America's Cup on the bay will be arena sailing
In the previous 33 America's Cup races, the greatest danger was the risk of getting the Christopher Cross song "Sailing" stuck in your brain.
Starting now, America's Cup racing is different. To picture the 2013 race on San Francisco Bay, as compared with all Cup races to date, imagine the Kentucky Derby being run in a barn, over hurdles, with horses geeked on steroids.
More excitement, more danger, a little edgier.
On Monday, the Oracle Racing team, which will sail the boat representing the United States, introduced itself to the Bay Area at the Golden Gate Yacht Club, and introduced its boats to the bay waters.
The message the team members were most eager to get across to the public is that this won't be your father's (or great-great-grandfather's) America's Cup.
The boats in 2013 will be more than twice as fast as the previous generation of boats, and the bay is a small, enclosed course, filled with obstacles and buffeted by strong winds.
Result: More speed, more risks, more danger.
As if to prove their point, the team flipped one of its boats. "Scuttled" is the yachting term. Or "pitch-poled." When a 45-foot-long boat flips, crew members go swimming with the porpoises. One crew member sustained bruised ribs. It was the first splash hit of the yearlong testing.
These are test boats. The actual race boats - which are in the design stage and will be unveiled a year from now - will be 72 feet long. Flip one of those babies and crew members will go flying, scoring field goals over the Golden Gate Bridge.
"People think this is just 'Grab your blazer, sit on the boat, someone hands you a gin and tonic,' " said Oracle Racing's James Spithill, the skipper of the American team who is from Australia. "This is a complete change, a lot of action on the water, a lot of risk out there.
"If you made a mistake in the old boats, you might slow up and rip a sail. In these boats, you'll capsize. ... You'd pay for mistakes (in previous Cups), but nothing like you'll pay out here."
Maybe Chad Ochocinco would like to join the crew.
The old boats topped out at about 14 knots. The new boats will be pushing 35.
"In the old boats," said Oracle Racing CEO Russell Coutts, whose boat flipped Monday, "you could see the start of the race, go away, have lunch, come back, and you wouldn't have missed much."
Our dinky little bay adds to the risk, danger and beauty of the 2013 race. Most previous races were held on open ocean.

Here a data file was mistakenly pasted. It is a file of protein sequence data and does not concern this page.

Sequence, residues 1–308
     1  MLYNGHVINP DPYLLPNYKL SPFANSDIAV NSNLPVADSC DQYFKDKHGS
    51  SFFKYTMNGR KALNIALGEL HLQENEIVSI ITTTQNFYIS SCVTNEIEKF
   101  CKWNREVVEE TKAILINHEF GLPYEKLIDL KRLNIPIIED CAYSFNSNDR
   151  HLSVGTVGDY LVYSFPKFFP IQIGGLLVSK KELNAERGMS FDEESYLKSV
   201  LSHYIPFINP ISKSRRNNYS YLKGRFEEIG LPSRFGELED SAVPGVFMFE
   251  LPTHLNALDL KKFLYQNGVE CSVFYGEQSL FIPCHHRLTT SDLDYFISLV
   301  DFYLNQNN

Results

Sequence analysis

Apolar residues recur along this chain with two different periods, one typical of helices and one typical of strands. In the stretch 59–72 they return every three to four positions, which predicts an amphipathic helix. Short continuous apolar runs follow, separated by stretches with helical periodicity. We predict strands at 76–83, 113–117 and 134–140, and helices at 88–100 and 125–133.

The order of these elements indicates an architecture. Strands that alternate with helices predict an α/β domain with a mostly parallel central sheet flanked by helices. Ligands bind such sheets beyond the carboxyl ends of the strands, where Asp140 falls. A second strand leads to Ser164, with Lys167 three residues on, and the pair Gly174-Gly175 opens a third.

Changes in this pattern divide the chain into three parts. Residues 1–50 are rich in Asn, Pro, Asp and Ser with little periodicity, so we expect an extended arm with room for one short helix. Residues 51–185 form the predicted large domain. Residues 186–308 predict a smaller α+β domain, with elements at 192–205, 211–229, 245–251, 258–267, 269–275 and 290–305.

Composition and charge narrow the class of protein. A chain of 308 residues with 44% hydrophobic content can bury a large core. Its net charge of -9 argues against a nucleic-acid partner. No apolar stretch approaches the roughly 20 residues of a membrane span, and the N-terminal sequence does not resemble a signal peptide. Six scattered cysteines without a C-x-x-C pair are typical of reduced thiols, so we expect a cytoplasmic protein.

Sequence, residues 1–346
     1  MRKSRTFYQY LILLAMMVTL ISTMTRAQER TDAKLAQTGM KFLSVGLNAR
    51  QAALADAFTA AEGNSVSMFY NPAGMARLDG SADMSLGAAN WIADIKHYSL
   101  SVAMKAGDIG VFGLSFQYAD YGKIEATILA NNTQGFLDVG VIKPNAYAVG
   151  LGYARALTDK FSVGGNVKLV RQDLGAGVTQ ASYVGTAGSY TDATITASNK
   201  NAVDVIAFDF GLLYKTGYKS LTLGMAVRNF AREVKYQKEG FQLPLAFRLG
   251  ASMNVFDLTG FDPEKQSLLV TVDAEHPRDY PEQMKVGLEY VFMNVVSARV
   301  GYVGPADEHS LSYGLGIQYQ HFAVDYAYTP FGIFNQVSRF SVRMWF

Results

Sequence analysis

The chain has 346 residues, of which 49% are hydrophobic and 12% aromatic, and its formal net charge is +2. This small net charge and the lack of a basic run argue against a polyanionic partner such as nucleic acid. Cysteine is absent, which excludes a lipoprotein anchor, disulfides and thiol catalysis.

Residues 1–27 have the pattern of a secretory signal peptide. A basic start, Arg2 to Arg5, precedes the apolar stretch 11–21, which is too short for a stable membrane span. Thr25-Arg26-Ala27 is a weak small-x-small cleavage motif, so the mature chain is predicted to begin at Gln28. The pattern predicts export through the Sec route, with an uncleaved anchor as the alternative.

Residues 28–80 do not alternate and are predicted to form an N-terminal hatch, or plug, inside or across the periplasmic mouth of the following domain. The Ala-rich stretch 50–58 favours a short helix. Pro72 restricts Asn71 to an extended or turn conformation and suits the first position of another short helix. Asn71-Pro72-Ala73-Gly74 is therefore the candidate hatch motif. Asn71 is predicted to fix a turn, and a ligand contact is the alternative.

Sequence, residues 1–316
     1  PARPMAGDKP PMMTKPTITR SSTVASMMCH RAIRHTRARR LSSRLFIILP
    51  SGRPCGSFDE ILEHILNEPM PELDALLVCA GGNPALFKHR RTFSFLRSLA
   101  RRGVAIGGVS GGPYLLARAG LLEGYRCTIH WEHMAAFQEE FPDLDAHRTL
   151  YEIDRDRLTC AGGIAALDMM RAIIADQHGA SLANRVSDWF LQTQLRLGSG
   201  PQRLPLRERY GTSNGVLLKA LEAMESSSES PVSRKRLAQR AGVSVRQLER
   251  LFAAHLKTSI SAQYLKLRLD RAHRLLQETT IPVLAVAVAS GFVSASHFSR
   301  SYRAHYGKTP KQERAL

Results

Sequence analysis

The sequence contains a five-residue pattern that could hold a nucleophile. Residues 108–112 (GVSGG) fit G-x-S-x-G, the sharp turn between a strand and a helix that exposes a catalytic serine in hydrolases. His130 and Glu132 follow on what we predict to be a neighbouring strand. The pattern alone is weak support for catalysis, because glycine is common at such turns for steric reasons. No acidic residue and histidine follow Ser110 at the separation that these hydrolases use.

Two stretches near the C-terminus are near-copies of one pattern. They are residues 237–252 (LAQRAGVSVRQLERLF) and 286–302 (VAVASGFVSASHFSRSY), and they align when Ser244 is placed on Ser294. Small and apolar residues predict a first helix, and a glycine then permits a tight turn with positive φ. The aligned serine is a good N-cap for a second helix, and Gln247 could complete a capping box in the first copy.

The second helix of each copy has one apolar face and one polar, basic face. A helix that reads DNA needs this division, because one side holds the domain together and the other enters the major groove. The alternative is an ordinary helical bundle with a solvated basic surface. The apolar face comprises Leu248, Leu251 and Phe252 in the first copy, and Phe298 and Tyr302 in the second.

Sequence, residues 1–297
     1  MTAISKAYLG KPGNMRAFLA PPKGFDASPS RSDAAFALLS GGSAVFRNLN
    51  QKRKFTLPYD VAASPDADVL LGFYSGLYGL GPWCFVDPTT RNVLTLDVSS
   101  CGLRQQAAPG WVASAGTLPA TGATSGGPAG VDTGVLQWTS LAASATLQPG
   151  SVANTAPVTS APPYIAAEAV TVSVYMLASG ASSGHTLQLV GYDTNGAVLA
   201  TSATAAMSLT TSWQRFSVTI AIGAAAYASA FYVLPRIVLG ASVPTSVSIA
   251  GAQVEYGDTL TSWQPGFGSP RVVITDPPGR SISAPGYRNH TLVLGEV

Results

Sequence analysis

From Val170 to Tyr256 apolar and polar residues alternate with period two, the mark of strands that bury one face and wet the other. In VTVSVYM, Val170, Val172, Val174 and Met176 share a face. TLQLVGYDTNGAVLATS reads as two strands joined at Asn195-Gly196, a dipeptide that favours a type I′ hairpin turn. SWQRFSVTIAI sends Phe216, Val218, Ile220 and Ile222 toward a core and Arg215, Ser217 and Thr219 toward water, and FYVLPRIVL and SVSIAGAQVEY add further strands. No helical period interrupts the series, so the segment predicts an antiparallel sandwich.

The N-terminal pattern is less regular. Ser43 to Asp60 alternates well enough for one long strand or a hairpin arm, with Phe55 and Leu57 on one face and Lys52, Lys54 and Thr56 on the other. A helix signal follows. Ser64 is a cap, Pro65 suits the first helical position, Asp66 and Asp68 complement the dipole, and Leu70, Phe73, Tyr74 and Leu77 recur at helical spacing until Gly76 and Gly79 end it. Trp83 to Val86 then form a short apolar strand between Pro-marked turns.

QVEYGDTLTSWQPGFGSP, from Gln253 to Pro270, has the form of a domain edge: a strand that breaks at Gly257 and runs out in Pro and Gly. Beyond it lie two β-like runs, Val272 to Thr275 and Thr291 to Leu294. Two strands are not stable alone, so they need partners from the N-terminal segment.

"Here, you're reaching boundaries pretty quickly," said Coutts, who hails from New Zealand. (Yes, there are some Americans on the American America's Cup team.) "You run out of water very quickly. ...
"You're much closer to shore than ever in an America's Cup. It's much more skillful, there are a whole lot of variables and you have to react quicker. We're going to have to learn to think a lot quicker."
With the boats running faster and in a smaller space, chances of collisions increase. If they can design the boats to burst into flames upon contact, we've got ourselves a sport, sport.
This generation of boats is catamarans with hard, winged sails. In the old single-hull boats, heavy ballast kept 'em from flipping. The new boats need no ballast, so they are much lighter, their anti-capsize protection coming from the wide stance of the multihulls.
The Oracle team took its two practice boats out for a spin, zipping and careening through the choppy bay waters, dodging much smaller and much, much slower boats, occupants of which might have thought they were being attacked by monsters from Planet Oracle.
The Oracle folks all say they're charmed and intrigued by a race in the cozy confines of San Francisco Bay.
Along with a shorter and more compact course, the racers will confront obstacles: bridges, islands, Ghirardelli Square ...
Not only will the bay offer a greater challenge, it also will provide much better spectator viewing than do offshore races. I'm hoping to rent out a guard tower on Alcatraz.
So as it turns out, San Francisco isn't merely hosting the America's Cup in 2013. San Francisco is saving the competition, which started in 1851, from dying of boredom.
It's not me saying that, like some anti-sailing zealot. It's a fellow named Bob Fisher, the sport's leading historian and author.
"It was in danger of being stagnated," Fisher said Monday of the America's Cup as an event. "This (San Francisco Bay venue) lights it up."
Or, as Spithill said of San Francisco, "It really does tickle all the boxes, in our mind."
Which makes you wonder why it took the Cup people 159 years to get out of the ocean and get their fat assets to San Francisco.
"It makes no sense getting out on the ocean," Spithill said.
One insider said Monday that there is already talk of San Francisco hosting a subsequent America's Cup. Apparently somebody tipped off these guys that we have decent restaurants.
See photos of the flipped boat on Page A1, online at sfgate.com or on The Chronicle's new iPad app.
E-mail Scott Ostler at firstname.lastname@example.org.